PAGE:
After his company Coastal Technologies helped to transform the US telecommunications market with call routing software, Richard Kane realized that the same high-speed computing and AI technologies used by Coastal were applicable to any system where routing was key to efficiency. He and fellow pilot, Dr Peter Diamandis, identified business aviation charters as one such area.
Together, Kane and Diamandis combined their passions for aviation and mathematics, and before long, several bizjet operators were benefitting from their route optimisation AI solution.
But Kane wanted to do more. Routes could be optimized, saving millions of gallons of Jet A and tons of carbon, but in his view, the industry was still flying too-large aircraft with small payloads — averaging 1.8 passengers and, on occasion, a dog — over short legs on which efficient cruising altitudes and speeds were never reached.
Setting out to revolutionize private flying, he launched Florida-based private jet company and AI-powered air taxi service Verijet, with Diamandis serving as a board member.
Kane went on to select an aircraft type that he reckons is better suited to the average US private aviation charter — one that carries those 1.8 passengers less than 600 miles at an average speed of 243kt. He found it in the affordable, low-emission Cirrus Vision Jet G2.
Powered by a single Williams FJ44 turbofan, the Cirrus Vision Jet G2 delivers exceptional fuel economy. Its deceptively spacious cabin and range are easily up to the job, while its composite construction means airframe fatigue is not going to be an issue over multiple short sectors.
Any reservations passengers have over flying in the unusual looking, diminutive jet are overcome as soon as they experience its spectacular visibility and smooth ride, according to Kane.
Reducing emissions was a primary driver from the outset and Kane says that while a typical mid-size jet flying between Santa Monica and Las Vegas might burn 300 gallons of fuel, the Vision Jet consumes only 60 gallons; and it’s better suited to Santa Monica’s short runway. Better still, Verijet is certified carbon neutral through 4AIR, which provides sustainability ratings in industry.
“All Verijet flights are 100% carbon neutral,” boasts the operator. “This is our reality today, not a pledge in the future. Travelers can fly confidently, knowing that their flight has zero carbon impact. Verijet currently offers services in the Northeast, the Southeast, and the Western US.”
Carbon offsetting plays a role. Yet still, Kane wants more. By the end of 2022, the Verijet founder and CEO expects to have 20 Vision Jets in passenger service in the US, growing to a 120-strong fleet by 2025. He says the product will launch in Europe too, but declines to reveal timings. Notably, he confidently predicts that Verijet will soon be a totally carbon zero operation.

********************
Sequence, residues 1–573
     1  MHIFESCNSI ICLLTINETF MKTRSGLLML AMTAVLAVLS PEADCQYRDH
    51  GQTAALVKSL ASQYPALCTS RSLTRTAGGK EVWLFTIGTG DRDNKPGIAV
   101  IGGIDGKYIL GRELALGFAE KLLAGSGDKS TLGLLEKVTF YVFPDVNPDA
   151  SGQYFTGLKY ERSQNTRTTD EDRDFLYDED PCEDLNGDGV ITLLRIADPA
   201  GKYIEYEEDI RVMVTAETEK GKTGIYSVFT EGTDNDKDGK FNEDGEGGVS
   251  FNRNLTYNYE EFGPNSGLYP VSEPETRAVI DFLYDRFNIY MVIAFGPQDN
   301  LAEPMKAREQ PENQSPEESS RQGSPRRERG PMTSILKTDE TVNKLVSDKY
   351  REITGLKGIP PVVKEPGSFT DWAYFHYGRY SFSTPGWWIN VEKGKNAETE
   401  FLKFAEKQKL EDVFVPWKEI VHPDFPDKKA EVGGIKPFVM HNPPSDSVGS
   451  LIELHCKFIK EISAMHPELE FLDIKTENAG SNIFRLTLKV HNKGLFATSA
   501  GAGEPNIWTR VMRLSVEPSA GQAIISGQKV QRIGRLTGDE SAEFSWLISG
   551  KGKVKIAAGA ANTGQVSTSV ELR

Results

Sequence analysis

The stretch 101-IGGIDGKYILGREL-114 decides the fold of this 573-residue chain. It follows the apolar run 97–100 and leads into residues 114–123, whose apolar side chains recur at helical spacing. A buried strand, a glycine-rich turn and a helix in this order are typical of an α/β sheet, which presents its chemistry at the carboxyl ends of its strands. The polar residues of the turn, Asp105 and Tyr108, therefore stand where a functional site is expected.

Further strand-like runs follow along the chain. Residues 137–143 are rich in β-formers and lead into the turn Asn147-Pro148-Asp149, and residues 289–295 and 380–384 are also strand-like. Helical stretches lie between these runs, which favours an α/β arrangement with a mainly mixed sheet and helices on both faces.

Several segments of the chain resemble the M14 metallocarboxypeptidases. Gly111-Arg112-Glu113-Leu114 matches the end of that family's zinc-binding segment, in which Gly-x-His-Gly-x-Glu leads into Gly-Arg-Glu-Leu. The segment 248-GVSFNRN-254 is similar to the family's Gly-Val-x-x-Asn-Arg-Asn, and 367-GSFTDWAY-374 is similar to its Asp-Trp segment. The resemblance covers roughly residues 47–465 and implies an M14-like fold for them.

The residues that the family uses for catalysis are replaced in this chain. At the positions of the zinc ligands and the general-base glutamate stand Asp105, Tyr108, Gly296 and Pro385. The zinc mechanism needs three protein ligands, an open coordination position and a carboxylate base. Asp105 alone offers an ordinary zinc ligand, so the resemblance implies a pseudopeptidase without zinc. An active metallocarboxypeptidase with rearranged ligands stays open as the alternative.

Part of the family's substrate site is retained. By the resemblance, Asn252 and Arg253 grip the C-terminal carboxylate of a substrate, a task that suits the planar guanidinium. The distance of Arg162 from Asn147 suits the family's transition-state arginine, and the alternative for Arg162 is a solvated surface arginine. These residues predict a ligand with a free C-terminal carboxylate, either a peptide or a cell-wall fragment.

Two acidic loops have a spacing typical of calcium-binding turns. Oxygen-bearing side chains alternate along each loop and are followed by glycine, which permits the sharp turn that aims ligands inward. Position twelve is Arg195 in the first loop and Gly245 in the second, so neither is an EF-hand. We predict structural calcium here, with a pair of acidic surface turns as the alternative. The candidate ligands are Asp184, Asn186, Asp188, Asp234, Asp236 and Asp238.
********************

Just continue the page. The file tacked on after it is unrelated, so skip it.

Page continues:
On 25 October 2022, during the 77th session of the UN General Assembly and 14th Climate Week, Kane announced a LOI with Dimensional Energy, under which Verijet will purchase a minimum of 750,000 gallons of sustainable aviation fuel (SAF) by 2025.
“Dimensional Energy is an XPRIZE winning team,” notes Kane. “I’ve been part of XPRIZE since just after its inception — I was among the original 100 people who funded it. Dimensional Energy won a ‘make products out of carbon’ XPRIZE for jet fuel. Simply put, they make sustainable jet fuel out of air and water…”
Direct air capture is gaining increasing attention, and indeed funding, in industry. But while Kane is reluctant to reveal the exact details of the process being used by Dimensional Energy for Verijet, the air component is essentially carbon dioxide.
“The key to this is clean electricity to electrolyse water and generate hydrogen, so Dimensional Energy’s first plant will be close to Niagara Falls, using truly hydroelectric power. United Airlines and Verijet are their launch customers. Today, Verijet is carbon neutral; with their fuel we’ll be carbon zero and 750,000 gallons of fuel will be sufficient for the 120-aircraft fleet I propose,” he explains.
“We’ll be flying carbon zero, directly connecting city pairs [that] the airlines can’t serve, because their runways are too short and they don’t have the financial model to support them; in the US, that’s 5,400 airports, in Europe it’s 3,000. At that point, all the barriers to the widespread adoption of private flying disappear.”
Featured image credited to Verijet